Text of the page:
Japan May Lose Its Taste for Foreign Luxury Cars

Stock market wealth has fired up sales. Higher taxes may curb them
Fiat Abarth 500C Courtesy Fiat

In Japan, Maserati, Volkswagen, Mercedes-Benz, and other foreign automakers have been enjoying their best sales streak in years, thanks to last year’s roaring bull market—and drivers like Taichi Matsukura. He wants to stand out in a market dominated by Toyotas and Hondas. “When I opened the door, the colors and interior immediately evoked Italy,” says the 42-year-old restaurant designer of the Fiat Abarth 595C convertible he bought in February to replace his Honda CR-V.

Some investors who rode last year’s 57 percent rally in the Nikkei have been splurging on imported sports cars and luxury compacts. That’s caused cheers among foreign automakers that had struggled to enter the Japanese market. In the year ended March 31, foreign car companies sold 302,000 vehicles, the most since 1997.

Among the beneficiaries: Mercedes-Benz, which sold a record 59,774 vehicles in the 12 months through March, up 40 percent from a year earlier, to overtake Toyota’s Lexus as the top premium brand in the country; and Fiat unit Maserati, whose GranTurismo starts at 22 million yen ($217,000), which more than doubled deliveries in Japan to 714 vehicles. For the same period, foreign automakers captured 8.8 percent of car sales, excluding ultracompact kei vehicles that only domestic companies sell. That’s the highest share since the Japan Automobile Importers Association began keeping records in 1989.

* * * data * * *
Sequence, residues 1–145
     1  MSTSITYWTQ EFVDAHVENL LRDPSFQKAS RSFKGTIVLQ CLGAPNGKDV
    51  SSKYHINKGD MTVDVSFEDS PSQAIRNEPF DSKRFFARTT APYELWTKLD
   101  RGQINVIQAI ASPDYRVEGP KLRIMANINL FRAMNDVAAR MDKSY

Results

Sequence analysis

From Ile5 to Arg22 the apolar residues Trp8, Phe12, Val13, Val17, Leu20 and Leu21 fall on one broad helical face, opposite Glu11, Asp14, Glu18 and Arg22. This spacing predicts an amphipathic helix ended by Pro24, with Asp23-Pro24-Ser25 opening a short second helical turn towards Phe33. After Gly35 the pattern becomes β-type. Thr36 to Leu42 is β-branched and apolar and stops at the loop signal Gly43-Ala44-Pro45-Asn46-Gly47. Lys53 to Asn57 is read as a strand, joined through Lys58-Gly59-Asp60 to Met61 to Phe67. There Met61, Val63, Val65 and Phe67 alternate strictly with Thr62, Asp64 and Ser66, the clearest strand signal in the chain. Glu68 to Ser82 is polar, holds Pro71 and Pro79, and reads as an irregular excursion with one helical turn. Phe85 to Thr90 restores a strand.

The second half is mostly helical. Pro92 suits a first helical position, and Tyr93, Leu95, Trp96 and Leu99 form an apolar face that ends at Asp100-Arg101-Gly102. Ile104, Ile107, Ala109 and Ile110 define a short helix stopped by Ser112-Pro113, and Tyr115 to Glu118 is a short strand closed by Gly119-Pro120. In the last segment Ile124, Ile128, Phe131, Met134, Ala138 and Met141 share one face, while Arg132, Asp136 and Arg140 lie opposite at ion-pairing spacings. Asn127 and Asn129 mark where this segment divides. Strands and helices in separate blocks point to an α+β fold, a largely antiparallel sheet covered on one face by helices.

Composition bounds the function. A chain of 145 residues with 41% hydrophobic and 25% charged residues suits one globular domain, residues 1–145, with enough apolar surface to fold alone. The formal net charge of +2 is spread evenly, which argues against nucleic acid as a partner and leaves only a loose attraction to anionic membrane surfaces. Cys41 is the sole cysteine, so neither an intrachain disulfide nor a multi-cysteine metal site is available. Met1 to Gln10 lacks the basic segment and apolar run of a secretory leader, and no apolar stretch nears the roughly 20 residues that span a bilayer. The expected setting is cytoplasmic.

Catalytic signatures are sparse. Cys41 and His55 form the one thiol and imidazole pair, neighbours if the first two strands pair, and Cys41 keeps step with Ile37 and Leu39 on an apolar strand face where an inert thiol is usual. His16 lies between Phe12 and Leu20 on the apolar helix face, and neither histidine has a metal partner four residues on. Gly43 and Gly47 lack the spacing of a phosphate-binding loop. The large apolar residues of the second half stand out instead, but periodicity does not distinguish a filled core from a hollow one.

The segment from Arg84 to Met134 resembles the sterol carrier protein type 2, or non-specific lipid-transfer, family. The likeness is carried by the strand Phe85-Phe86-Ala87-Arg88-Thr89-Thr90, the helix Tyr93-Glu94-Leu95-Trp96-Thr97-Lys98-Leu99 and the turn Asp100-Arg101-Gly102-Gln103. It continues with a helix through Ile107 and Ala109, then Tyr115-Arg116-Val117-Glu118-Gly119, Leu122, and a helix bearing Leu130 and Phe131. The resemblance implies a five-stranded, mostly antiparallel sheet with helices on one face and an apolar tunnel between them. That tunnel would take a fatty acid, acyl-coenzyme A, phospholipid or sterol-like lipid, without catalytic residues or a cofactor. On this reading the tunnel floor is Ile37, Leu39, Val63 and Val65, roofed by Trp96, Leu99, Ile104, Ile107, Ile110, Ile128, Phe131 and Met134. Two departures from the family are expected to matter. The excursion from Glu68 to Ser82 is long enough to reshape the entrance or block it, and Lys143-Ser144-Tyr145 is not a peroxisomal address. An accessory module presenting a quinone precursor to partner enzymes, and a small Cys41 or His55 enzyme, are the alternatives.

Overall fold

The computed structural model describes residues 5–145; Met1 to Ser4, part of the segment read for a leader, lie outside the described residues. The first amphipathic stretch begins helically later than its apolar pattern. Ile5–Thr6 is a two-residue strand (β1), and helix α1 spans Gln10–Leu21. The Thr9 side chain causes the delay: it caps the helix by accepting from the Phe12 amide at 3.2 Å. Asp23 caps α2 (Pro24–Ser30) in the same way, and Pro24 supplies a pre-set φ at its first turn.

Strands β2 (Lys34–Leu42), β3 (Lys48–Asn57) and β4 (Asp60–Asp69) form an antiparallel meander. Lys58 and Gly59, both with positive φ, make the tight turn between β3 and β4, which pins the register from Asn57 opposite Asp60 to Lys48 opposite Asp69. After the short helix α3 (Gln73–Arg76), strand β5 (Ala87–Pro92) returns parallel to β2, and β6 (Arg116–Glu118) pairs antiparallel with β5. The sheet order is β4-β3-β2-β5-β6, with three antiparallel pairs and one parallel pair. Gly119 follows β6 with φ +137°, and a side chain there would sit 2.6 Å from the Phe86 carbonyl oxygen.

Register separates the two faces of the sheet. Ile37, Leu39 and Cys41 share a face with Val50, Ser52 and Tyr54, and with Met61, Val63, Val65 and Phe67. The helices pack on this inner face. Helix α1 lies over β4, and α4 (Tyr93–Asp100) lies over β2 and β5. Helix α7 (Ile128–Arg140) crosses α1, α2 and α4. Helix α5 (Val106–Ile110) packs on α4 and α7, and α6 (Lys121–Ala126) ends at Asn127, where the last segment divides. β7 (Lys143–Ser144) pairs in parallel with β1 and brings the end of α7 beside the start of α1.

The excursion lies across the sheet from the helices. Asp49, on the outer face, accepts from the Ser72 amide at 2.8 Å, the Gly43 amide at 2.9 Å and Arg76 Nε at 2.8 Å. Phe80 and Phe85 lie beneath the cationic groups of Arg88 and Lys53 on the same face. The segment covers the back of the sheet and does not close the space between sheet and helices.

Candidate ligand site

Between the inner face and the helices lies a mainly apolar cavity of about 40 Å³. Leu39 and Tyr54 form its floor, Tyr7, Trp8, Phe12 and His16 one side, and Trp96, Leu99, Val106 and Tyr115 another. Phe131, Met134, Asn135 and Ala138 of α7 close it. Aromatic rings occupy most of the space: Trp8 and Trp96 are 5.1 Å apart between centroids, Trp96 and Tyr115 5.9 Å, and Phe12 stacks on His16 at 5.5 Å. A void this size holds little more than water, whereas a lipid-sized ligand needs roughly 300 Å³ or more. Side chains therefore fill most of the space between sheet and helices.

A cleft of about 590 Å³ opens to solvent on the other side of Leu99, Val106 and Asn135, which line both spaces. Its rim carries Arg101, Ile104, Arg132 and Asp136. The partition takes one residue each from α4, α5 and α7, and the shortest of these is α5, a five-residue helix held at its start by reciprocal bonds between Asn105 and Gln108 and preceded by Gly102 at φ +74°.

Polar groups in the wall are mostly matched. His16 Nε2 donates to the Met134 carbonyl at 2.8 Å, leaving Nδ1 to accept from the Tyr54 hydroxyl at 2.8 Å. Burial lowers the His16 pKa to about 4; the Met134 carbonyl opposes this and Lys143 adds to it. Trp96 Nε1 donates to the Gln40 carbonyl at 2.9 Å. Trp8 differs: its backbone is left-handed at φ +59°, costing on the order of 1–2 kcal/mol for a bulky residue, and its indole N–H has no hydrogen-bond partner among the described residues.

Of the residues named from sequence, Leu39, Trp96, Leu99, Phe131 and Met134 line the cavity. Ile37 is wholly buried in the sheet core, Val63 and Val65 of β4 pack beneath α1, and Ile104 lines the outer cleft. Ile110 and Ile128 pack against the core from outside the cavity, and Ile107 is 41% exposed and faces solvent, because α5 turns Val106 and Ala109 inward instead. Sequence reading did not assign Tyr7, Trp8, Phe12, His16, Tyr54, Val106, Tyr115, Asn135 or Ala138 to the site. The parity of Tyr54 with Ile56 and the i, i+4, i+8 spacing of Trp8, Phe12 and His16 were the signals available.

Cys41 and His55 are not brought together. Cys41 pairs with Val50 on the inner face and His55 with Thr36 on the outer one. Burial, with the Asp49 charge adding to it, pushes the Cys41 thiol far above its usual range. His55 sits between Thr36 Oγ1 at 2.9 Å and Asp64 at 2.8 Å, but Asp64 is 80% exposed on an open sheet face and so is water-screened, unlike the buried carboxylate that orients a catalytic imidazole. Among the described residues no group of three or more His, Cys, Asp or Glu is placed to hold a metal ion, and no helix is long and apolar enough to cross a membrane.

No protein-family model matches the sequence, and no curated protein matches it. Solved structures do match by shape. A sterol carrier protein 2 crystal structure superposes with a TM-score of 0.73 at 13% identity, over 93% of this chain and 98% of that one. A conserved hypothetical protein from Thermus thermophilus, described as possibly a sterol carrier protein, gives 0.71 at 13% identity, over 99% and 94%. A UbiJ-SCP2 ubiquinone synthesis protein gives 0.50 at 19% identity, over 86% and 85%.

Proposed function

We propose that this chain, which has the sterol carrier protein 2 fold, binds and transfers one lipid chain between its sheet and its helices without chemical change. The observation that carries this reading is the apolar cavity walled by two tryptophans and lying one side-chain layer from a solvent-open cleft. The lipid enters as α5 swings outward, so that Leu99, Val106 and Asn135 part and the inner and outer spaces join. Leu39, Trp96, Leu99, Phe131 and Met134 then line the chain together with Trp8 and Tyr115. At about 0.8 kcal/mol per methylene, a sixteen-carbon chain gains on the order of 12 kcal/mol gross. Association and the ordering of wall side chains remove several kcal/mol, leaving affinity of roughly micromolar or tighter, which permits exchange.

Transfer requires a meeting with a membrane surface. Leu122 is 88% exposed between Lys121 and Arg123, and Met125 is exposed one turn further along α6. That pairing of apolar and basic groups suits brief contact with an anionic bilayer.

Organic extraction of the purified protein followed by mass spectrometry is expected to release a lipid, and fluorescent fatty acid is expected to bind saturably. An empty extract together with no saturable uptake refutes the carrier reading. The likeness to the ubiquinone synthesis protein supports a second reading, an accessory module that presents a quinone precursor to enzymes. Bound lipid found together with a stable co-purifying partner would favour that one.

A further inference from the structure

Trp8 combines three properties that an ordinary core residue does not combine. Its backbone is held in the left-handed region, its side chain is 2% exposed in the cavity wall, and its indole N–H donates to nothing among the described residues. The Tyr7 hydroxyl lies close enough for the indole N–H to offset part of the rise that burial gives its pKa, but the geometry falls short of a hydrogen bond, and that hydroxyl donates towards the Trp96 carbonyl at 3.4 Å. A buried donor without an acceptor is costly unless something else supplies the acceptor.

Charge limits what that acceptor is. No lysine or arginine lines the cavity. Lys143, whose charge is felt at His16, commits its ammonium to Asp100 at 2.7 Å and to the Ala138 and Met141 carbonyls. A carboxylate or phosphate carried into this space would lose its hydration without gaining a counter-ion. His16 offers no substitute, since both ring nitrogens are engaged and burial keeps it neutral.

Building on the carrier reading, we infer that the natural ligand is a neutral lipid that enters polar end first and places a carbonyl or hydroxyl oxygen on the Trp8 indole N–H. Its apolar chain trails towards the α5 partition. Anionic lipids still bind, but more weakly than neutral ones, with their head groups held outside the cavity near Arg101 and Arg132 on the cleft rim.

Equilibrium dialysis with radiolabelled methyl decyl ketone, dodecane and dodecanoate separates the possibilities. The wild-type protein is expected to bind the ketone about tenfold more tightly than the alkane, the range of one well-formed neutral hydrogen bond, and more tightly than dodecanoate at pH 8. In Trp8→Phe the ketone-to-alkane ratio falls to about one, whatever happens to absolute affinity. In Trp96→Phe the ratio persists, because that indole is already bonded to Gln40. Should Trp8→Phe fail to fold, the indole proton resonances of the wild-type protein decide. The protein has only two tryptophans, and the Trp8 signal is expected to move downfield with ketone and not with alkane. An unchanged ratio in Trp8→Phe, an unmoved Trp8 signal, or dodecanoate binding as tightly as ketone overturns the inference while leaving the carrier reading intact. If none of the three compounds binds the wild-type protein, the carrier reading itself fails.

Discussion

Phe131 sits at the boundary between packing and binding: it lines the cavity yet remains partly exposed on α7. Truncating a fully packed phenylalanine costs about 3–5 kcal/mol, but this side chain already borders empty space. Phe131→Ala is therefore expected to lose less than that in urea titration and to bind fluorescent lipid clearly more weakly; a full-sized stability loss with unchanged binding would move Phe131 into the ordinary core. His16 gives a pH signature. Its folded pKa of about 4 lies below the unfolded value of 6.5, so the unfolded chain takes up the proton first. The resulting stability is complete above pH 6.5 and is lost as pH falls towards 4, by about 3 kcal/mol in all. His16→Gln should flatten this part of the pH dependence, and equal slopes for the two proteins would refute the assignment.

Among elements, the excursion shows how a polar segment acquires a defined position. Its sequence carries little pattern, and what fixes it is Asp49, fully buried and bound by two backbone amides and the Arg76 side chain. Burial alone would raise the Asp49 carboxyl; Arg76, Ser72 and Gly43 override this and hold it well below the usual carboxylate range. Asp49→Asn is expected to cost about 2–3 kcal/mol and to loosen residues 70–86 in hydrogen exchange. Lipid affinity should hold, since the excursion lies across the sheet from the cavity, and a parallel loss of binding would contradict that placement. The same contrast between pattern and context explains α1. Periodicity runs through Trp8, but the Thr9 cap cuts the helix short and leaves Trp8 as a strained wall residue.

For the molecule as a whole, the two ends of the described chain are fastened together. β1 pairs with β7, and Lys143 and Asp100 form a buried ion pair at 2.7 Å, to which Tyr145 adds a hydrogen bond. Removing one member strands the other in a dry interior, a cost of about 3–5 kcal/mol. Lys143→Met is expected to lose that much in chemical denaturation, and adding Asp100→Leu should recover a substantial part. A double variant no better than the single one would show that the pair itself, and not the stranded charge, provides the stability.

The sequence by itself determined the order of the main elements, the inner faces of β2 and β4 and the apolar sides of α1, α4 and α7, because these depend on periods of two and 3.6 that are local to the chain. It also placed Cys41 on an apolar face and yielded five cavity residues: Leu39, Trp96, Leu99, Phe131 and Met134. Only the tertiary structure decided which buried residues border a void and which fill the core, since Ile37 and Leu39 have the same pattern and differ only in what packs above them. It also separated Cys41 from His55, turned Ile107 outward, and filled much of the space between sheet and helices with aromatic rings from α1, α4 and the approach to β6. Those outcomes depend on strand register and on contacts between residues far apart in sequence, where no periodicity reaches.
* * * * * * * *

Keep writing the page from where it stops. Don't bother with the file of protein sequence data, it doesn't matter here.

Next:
Just how long the good times will last for car importers is unclear. One worry: The boomlet came before Japan raised its consumption tax from 5 percent to 8 percent in an effort to deal with the nation’s debt. The government cushioned some of the blow to the auto industry by simultaneously cutting its vehicle-purchase tax to 3 percent from 5 percent. Even so, deliveries of imports were down 24 percent in April compared with a year ago, vs. a 5.5 percent drop in overall auto sales. The last time the consumption tax was raised, in April 1997, car sales dropped 15 percent from the previous year and declined for 21 months in a row.

The Nikkei is down 13 percent from Jan. 1 through May 12, and the economy is forecast to shrink an annualized 3.9 percent in the quarter that began in April, according to a Bloomberg survey of economists. Still, Takeshi Miyao, an auto analyst at market researcher Carnorama Japan, expects foreign makers to extend their gains thanks to a slate of new imported models and an economy that’s expected to improve later in the year. “Import car sales generally expand more in good economic cycles and shrink faster when the economy goes down,” he says.

Recent foreign luxury product launches may insulate some carmakers. Mercedes-Benz introduced its compact A-Class model in January 2013 and sold 14,600 of them over the next 12 months, accounting for nearly one-quarter of its sales in Japan. “The global downsizing trend enabled foreign carmakers to introduce models more suited to Japan,” says Kintaro Ueno, president of Mercedes-Benz’s Japan unit.

IHS analyst Yoshiaki Kawano says foreign cars could keep gaining share through 2016. He also expects Japanese brands such as Lexus to respond, however, with more affordable entry-level cars to counter overseas luxury compacts. The wild card, and it’s a big one, is a very dicey Japanese economy.

Before it's here, it's on the Bloomberg Terminal.